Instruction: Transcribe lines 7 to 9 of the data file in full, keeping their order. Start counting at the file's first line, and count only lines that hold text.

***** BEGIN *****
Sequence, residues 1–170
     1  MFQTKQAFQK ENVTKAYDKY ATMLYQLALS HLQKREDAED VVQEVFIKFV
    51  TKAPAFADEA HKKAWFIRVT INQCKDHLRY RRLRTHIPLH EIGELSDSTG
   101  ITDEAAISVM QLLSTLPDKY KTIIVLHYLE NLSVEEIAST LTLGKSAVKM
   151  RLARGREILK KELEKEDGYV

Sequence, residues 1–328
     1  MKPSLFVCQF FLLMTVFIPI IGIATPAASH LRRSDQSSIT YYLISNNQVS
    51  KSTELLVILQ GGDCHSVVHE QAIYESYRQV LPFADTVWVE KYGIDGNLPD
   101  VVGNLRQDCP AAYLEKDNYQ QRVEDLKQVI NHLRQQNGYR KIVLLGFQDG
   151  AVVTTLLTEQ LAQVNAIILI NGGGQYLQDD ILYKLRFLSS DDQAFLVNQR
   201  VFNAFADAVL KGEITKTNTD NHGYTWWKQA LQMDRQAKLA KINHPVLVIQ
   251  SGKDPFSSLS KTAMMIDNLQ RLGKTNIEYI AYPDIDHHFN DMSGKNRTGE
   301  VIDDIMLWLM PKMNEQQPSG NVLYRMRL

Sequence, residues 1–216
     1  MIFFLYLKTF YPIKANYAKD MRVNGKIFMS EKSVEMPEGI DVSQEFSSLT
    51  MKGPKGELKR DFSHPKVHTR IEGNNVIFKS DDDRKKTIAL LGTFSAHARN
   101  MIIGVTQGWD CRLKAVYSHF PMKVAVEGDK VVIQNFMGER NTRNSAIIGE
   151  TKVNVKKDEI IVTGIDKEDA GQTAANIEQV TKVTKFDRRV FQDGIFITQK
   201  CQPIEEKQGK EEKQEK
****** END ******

     1  MKPSLFVCQF FLLMTVFIPI IGIATPAASH LRRSDQSSIT YYLISNNQVS
    51  KSTELLVILQ GGDCHSVVHE QAIYESYRQV LPFADTVWVE KYGIDGNLPD
   101  VVGNLRQDCP AAYLEKDNYQ QRVEDLKQVI NHLRQQNGYR KIVLLGFQDG